Lt. Dan Choi, Opening Keynote at #LinkageInc Diversity & Inclusion Institute

May 2014

Lt. Dan Choi. I said his name out loud and my boyfriend laughed. It made him think of “Forrest Gump” and the character that Gary Sinise played. That was Lt. Dan Taylor, a proud soldier from a long lineage of soldiers who had died in battle. Lt. Dan was a leader and fully expected to follow in the footsteps of his father and grandfather. When Lt. Dan and his platoon fell under attack, he protected many of his soldiers, like a true leader. While under a bombing attack, he lost both legs and was waiting to die a hero’s death. However, Forrest Gump saved him.

This blog isn’t about a fictional hero named Lt. Dan, I’m going to write about Lt. Dan Choi, an American hero and leader.

Dan Choi grew up in Southern California, the son of a Korean-American Baptist Minister. That fact was evident when I heard Lt. Dan Choi address a room of 500 or 600 people for the opening keynote at the Linkage Diversity and Inclusion Institute. Even though it was 8:15am, the room was at attention to hear this speech. Lt. Dan Choi commanded the room, not like an officer in the US military but more like a preacher. He told a story that felt authentic and compelling, with more than a few life lessons weaved throughout. I didn’t want to miss a single word.

His opening words included a photograph of Afghanistan, from the mid 2000’s. Choi had graduated from West Point with degrees in Arabic and environmental engineering. There were only a handful of military officers who spoke Arabic. Choi became a highly valued member of the army and quickly aided in sorting through bad intelligence by translating conversations of insurgents and locals alike, real time. That, in and of itself, is leadership.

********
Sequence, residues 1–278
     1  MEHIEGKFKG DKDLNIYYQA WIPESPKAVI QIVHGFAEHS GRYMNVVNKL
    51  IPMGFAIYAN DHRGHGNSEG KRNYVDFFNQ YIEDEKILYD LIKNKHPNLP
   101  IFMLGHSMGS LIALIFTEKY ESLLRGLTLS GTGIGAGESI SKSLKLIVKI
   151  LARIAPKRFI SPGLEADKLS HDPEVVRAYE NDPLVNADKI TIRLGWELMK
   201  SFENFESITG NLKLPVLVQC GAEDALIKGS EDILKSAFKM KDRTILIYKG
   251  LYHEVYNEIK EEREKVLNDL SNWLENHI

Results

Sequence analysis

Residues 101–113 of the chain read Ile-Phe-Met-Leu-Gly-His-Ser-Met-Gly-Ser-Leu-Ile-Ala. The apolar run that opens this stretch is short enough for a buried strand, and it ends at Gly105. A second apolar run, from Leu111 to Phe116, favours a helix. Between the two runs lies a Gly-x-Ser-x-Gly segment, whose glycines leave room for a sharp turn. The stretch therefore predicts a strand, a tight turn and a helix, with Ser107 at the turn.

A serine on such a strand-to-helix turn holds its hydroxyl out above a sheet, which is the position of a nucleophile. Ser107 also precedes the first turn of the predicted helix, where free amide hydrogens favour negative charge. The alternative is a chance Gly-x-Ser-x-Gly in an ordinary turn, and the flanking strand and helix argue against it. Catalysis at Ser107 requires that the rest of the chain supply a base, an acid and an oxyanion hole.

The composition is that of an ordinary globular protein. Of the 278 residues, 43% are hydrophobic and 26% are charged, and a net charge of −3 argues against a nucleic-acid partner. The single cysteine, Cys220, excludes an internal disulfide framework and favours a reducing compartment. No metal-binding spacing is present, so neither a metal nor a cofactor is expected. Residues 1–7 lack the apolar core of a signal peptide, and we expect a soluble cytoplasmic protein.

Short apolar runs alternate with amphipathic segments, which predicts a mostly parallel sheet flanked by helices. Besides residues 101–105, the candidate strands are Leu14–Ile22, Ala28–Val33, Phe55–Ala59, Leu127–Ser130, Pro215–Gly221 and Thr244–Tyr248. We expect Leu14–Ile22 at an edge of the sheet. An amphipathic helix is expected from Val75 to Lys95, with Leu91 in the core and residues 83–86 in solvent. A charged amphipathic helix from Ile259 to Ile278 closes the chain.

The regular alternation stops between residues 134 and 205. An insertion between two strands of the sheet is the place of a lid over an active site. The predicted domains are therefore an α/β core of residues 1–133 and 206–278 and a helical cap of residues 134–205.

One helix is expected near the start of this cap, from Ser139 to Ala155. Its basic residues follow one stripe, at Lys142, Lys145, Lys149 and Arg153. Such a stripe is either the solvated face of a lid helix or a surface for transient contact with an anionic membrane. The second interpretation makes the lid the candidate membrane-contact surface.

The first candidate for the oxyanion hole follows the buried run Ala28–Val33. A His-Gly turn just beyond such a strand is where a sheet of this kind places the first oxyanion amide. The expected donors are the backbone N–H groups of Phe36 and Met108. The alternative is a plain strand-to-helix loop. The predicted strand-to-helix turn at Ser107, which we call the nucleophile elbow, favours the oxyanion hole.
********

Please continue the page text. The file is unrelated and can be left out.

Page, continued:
But Choi didn’t expect what was to come. He told the room what changed for him. He shared what had happened that gave him so much courage to speak his truth. It wasn’t a message from above. It wasn’t a life or death event. The simple truth was that Lt. Dan Choi fell in love. He stated that when he finally experienced what it felt like to put someone else ahead of himself, it changed him. Falling in love and having so much emotion and care for another human being sparked a new fire of courage and leadership. Choi realized that he could no longer hide from the fact that he was a gay man. This led to Choi coming out, in a rather public manner. He came out on TV, on “The Rachel Maddow Show” and began a fight against the questionable morality and wisdom of “Don’t Ask, Don’t Tell.” In a letter to Congress and President Barack Obama, Choi wrote that the policy is a “slap in the face to me. It is a slap in the face to my soldiers, peers and leaders who have demonstrated than an infantry unit can be professional enough to accept diversity, to accept capable leaders, to accept skilled soldiers.”